Once combined, wrap it in plastic wrap and put it in the freezer while you prepare the filling. Side note – this dough is delicious. It tastes like cinnamon banana goodness. Entirely possible that you might want to just eat it at this stage and say screw the pie. But for the sake of baking, we continued.
For the filling, combine the pumpkin, milk, eggs, stevia, vanilla, cinnamon, nutmeg, and cloves. Whisk together until smooth. This is where the I’ve-never-made-pumpkin-pie uncertainty came in for me. I knew the final product was not a liquid pie, but I had a liquid filling. Don’t worry, it does set in the oven while baking. You have not ruined it already.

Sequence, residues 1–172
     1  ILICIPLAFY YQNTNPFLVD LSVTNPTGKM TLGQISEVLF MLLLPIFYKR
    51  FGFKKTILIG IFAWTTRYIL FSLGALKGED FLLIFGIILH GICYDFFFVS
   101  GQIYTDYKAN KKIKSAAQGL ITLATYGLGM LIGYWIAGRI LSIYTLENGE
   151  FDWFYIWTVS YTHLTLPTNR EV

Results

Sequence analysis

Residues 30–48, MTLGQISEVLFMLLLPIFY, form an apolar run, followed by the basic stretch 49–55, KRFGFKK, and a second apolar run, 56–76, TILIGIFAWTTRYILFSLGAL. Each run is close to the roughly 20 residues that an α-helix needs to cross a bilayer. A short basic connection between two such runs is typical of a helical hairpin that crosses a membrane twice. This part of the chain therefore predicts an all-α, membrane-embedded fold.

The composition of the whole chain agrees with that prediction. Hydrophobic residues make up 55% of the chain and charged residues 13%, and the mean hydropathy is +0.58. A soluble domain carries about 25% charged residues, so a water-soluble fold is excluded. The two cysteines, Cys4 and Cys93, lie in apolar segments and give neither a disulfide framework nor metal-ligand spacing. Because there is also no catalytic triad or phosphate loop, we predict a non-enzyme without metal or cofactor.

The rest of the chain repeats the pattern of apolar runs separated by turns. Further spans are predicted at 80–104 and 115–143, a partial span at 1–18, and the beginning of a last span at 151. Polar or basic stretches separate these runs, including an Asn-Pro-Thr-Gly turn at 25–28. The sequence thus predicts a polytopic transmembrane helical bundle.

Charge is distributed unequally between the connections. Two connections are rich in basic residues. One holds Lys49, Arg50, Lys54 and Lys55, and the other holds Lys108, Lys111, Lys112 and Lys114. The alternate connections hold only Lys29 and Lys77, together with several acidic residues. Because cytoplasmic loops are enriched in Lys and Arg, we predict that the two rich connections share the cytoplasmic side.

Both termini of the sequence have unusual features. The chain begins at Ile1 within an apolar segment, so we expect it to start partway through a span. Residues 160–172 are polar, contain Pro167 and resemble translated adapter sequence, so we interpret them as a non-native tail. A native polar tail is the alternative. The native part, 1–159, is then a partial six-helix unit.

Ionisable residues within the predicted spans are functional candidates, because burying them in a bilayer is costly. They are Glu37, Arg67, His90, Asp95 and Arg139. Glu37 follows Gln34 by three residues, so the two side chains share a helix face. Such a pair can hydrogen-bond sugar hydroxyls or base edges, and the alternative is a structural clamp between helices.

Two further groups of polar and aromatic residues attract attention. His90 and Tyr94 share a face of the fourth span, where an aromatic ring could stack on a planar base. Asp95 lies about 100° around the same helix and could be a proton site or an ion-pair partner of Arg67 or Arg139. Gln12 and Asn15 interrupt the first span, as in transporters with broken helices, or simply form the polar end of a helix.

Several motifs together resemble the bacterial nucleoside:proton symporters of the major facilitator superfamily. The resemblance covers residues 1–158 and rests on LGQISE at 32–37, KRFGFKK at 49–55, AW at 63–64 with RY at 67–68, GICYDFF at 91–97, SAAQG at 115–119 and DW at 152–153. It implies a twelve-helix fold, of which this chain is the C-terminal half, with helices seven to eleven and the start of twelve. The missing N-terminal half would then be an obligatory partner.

Back to that no fat pie crust. Take it out of the freezer and put it on your pastry mat. You actually probably won’t need any additional flour to prevent sticking – the only problem I had with mine was that I let it get a little too cold, as I got a legitimate arm workout trying to roll it out. Anyways, roll it to the 9″ pie markings on your mat, or, if you don’t have a pastry mat, roll it so that it’s big enough to drape over your pie pan.
Now, for those of you who think I’ve lost my affinity for butter, turning to healthy recipes and such, do not despair – I did have one non-negotiable step in here. I refuse to use cooking spray when making a pie crust. It doesn’t work the same way. So make sure you grease your pie plate liberally with real, old fashioned butter.
Drape the pie crust over your pie plate and push it into the corners. Cover with aluminum foil and put some kind of weight (pie weights, beans, rice…) in the middle to hold its shape. Bake at 350°F for 5 minutes.